Ford downsizes engines for revamped Ranger pickups after VW tie-up

Ford has said its redesigned Ranger pickups with more eco-friendly 2-litre engines will be superseding the current models later this year.

That means the four-cylinder 2.2-litre and the five-cylinder 3.2-litre engines used in the Wildtrak will be phased out from September.

But despite its lower displacement, the new Ecoblue engine – taken from the Transit van – promises more horsepower and torque than its predecessors.

With 213hp and 500Nm of torque on tap, its on-paper stats trump the current 3.2-litre’s 200hp and 470Nm. However, only a thorough road test will confirm if it will outperform it in the real world.

Ford is using this single engine block throughout the new range, with lesser models featuring a detuned version with a single variable-geometry turbo.

At the lower end this will produce 130hp and 340Nm of torque and there will be a mid-range version with 170hp and 420Nm.

As well as its lower emissions, the new engine promises 9% better fuel economy. Crucially, it hasn’t changed the truck’s 3.5t towing capacity and 1.25t payload, which is the same throughout the range.

Despite continued pressure to reduce diesel emissions, Ford has no petrol engine available and says it has no plans to offer one.

See also: Pickup test: Ford Ranger Limited

In the transmission department, buyers get the choice of a six-speed manual or a new 10-speed automatic from the Mustang sports car. This replaces the old six-speed auto, which some customers complained was a little lumpy.

It is still teamed with a low-range transfer box and switchable four-wheel-drive system.

The chassis and bodywork stays largely the same, but Ford has done quite a bit of work to smarten up the interior. In the top-end Wildtrak this has meant toning down the vibrant black-and-orange seats in favour of plain black versions with subtle orange stitching.

The manufacturer says it has also improved the durability of the interior finish so it stays looking fresh for longer.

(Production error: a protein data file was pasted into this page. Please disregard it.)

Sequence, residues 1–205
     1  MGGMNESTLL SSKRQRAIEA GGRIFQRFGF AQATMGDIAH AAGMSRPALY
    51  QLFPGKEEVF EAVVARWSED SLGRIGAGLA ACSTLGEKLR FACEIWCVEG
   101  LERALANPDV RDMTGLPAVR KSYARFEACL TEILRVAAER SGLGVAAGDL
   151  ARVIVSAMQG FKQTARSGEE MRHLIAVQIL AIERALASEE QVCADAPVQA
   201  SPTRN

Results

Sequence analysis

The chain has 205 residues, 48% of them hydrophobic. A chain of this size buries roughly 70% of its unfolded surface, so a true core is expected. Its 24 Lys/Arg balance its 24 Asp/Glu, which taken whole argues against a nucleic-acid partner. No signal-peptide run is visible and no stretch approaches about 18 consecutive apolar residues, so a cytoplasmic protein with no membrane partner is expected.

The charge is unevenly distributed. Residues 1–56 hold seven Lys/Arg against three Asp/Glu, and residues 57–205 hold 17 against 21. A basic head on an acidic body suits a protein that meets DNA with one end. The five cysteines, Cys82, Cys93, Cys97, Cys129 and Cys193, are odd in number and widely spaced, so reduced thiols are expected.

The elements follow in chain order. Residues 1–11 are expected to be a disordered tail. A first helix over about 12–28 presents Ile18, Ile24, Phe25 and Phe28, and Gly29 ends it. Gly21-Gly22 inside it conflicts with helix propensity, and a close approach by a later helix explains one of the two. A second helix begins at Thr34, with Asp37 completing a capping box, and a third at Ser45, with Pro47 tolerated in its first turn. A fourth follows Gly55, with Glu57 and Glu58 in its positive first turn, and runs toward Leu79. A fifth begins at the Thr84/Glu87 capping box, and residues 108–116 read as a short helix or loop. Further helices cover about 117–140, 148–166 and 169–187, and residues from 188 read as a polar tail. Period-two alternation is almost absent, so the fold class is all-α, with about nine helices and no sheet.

Extras include a system for detecting wayward pedestrians, an intelligent speed limiter and a parking assist function.

As for off-road ability, the new Ranger has an impressive 800mm wading depth, 230mm of ground clearance and approach and departure angles of 29deg and 21deg, respectively.

Prices start at £20,845 for the base-spec XL model and go up to £29,745 for the Wildtrak.

The Limited model, which has a slightly lower spec than the Wildtrak and accounts for the bulk of Ranger sales, has a starting price of £26,795.

Raptor model

Those more keen on performance and handling than load-lugging ability now have the option of the new Ranger Raptor model.

This racing-style truck has a similar look to the work-a-day Ranger, but has a strengthened chassis fitted with rear coils rather than leaf springs.

This undoubtedly improves handling, but the downside is that it can carry only a 758kg payload and is rated to tow 2.5t.

It might look like it should have a big V8 up front, but the Raptor actually has the same bi-turbo 2-litre Ecoblue engine as the Wildtrak. It delivers the same power output and is teamed with the same 10-speed automatic transmission.

It has had some other performance tweaks to help justify the £39,895 price tag, though. These include uprated Fox shock absorbers with position-sensitive damping and twin-piston front brake calipers with 332mm ventilated discs. It also comes with BF Goodrich tyres as standard.

Crucially, the Ranger Raptor is not to be confused with the US-built F-150 Raptor, which features a 3.5-litre V6 petrol engine that develops 450hp.

Ford and VW

Ford’s reduction in engine displacement could be a nod to the direction its recently announced alliance with VW is going to take.

The deal applies to both vans and pickups and the first products of the joint venture are expected to go on sale in 2022.

VW is apparently heading up the design of a smaller van, while Ford is leading the way on new medium-sized pickups and larger vans.

Details are still very vague, but with Ford already dropping its five-cylinder engine, it raises the question of how long VW will continue to use the punchy 3-litre V6 in its Amarok.

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